[Below is a slightly revised version of a previous blog post.]
The Rhy-No Practice Technique
Student Phyllis: “Dr. ClarinetMike! The All-State Music is hard! I don’t know how to work on it!”
ClarinetMike: “Don’t panic Phyllis. Just spend quality time with the Practice Rhy-No.”
One of the most important things that a music teacher needs to do is teach students how practice and prepare music. A year and a half ago I came up with a simple system: The Rhy-No Practice Technique. Since then, I have found this system to be very useful and effective in my students (and my own!) music preparation. (FYI, here’s some of my other practice ideas and a video.)
The system is simple – just break a short passage into two parts: rhythm and notes. Work on each separately and slowly, and then put them together. Hence, Rhythm-Notes or Rhy-No Practice!
Here’s how Rhy-No Practice works:
1. Pick out a hard passage – a measure or two.
2. Clap, sing, yodel (only yodel alone!) etc. the rhythm of the passage. Go as slow as needed to accurately learn the counting. A metronome is essential, of course. Gradually increase the tempo until the rhythm is correctly ingrained at desired speed.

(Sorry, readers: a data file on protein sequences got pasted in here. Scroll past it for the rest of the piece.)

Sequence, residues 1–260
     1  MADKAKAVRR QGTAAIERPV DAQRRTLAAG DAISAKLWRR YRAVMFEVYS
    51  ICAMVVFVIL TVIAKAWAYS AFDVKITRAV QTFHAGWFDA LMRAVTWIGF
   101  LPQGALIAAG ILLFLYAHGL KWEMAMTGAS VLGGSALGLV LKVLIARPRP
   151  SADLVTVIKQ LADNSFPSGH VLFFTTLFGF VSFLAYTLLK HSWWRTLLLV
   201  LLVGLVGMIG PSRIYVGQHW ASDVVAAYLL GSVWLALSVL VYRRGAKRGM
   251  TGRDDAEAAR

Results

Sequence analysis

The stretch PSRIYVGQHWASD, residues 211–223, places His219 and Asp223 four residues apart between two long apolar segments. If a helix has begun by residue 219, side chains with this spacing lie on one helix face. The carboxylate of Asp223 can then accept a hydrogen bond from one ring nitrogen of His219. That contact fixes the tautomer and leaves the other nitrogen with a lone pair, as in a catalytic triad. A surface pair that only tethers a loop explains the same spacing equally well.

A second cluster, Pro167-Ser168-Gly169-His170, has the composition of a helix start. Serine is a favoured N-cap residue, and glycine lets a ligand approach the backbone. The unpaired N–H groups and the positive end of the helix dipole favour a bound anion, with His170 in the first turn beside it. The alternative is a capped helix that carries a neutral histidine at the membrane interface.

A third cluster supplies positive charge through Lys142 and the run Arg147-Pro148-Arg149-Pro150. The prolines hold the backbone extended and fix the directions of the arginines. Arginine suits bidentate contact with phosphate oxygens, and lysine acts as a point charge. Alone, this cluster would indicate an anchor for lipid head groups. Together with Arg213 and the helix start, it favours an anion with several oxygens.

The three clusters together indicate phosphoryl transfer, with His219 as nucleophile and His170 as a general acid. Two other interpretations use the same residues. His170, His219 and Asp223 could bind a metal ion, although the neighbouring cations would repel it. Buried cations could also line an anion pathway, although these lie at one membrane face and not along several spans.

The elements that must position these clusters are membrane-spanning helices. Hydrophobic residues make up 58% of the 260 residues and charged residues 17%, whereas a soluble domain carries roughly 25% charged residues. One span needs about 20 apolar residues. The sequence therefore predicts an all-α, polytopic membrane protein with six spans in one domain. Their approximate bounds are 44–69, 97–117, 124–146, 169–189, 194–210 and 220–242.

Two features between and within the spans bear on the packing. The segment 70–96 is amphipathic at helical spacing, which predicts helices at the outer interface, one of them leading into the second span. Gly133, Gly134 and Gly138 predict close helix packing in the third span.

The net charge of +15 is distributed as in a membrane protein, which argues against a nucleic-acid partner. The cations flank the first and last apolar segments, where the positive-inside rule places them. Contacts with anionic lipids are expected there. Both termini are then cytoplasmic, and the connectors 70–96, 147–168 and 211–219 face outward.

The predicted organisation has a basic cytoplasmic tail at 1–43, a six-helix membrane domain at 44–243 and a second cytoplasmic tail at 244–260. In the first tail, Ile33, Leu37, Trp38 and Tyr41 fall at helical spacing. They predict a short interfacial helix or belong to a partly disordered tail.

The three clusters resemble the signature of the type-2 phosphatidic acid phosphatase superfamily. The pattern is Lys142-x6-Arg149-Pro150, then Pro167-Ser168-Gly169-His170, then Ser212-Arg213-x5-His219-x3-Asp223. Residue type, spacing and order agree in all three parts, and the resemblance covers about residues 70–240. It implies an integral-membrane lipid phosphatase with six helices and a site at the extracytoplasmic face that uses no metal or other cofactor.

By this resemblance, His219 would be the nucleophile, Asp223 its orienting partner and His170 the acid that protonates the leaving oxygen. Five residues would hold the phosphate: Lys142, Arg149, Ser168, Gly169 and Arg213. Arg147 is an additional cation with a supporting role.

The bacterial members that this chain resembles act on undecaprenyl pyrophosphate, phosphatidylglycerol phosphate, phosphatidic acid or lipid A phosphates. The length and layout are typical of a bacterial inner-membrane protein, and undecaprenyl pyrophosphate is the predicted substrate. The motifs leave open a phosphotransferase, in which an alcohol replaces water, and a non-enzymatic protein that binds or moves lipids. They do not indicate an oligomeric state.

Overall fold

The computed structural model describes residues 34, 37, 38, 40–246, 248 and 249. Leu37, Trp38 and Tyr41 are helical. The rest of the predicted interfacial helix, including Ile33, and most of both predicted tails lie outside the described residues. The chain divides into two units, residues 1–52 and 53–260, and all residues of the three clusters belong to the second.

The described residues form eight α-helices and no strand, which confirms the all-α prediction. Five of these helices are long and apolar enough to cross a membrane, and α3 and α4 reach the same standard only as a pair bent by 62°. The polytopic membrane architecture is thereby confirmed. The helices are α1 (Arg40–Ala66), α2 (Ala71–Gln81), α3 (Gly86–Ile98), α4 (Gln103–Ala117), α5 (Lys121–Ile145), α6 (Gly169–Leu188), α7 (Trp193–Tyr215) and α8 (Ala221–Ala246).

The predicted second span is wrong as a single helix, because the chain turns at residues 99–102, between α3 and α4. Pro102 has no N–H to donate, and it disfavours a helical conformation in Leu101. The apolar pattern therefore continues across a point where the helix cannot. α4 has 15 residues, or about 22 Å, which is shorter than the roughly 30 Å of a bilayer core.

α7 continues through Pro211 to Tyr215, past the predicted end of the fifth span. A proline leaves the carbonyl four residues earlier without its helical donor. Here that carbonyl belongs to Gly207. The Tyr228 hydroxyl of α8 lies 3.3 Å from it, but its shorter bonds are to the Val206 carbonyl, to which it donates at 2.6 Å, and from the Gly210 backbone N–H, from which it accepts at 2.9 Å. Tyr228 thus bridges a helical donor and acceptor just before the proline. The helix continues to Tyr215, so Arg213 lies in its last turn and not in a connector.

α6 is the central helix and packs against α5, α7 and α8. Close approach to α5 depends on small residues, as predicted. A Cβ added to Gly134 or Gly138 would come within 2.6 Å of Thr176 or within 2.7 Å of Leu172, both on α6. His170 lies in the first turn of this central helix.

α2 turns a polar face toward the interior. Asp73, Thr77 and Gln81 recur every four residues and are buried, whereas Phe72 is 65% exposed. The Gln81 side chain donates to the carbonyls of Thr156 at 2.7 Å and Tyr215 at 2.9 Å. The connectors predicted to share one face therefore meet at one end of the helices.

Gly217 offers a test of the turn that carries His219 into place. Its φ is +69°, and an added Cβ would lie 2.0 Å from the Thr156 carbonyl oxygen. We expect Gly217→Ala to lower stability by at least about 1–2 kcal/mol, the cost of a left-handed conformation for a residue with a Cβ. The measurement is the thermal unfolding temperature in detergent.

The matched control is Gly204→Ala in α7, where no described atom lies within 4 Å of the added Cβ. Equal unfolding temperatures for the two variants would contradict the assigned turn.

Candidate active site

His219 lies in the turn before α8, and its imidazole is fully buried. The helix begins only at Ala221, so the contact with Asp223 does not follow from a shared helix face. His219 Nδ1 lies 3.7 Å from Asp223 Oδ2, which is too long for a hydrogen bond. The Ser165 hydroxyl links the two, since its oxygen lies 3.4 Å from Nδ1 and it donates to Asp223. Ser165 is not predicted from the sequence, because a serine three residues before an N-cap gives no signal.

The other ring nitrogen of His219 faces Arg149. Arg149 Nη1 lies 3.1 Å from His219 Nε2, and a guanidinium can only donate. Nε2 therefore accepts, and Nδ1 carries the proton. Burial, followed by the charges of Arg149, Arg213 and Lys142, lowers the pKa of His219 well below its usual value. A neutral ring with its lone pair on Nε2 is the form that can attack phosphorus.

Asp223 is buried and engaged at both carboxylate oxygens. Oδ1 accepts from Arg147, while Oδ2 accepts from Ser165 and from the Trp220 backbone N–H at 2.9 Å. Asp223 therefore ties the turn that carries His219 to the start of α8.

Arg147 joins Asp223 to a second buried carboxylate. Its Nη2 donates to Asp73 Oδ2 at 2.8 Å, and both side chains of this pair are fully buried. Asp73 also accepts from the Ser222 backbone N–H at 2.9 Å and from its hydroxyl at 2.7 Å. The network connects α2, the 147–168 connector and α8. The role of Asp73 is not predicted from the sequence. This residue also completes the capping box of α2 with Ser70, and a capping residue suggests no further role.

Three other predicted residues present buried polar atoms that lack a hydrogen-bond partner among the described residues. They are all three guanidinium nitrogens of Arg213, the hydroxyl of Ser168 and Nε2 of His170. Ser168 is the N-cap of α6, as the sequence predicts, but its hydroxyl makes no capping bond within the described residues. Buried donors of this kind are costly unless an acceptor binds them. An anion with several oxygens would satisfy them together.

3. Play the notes of the passage out of time very slowly and deliberately. (If students don’t understand this, just have them play all notes as slow half notes.) Concentrate on finger movement, tone quality, note connections, etc. Repeat several times making sure that all notes speak well and there no breaks in sound – esp. “Over The Break.”
4. Play the passage with rhythm and notes combined.
It seems to help my students to sing the music as best they can after Step 3 above, i.e. before playing it in Step 4. When demonstrating this in lessons, students are often shy to sing. So, I sing with them loudly. This generally encourages them to sing, at least a little!
Also, freely combine the Rhy-No technique with other practice methods (see hyperlinks above). Also, try to include dynamics as much as possible.
NOTE: The above image is from http://commons.wikimedia.org/wiki/File:Ceratotherium_simum_kwh_2.jpg